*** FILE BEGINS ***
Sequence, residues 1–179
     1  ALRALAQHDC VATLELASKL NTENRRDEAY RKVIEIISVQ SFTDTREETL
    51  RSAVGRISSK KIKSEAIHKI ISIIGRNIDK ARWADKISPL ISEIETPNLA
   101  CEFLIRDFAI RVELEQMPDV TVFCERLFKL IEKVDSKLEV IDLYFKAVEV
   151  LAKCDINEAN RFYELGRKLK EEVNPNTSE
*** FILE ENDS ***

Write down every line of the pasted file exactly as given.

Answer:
Sequence, residues 1–179
     1  ALRALAQHDC VATLELASKL NTENRRDEAY RKVIEIISVQ SFTDTREETL
    51  RSAVGRISSK KIKSEAIHKI ISIIGRNIDK ARWADKISPL ISEIETPNLA
   101  CEFLIRDFAI RVELEQMPDV TVFCERLFKL IEKVDSKLEV IDLYFKAVEV
   151  LAKCDINEAN RFYELGRKLK EEVNPNTSE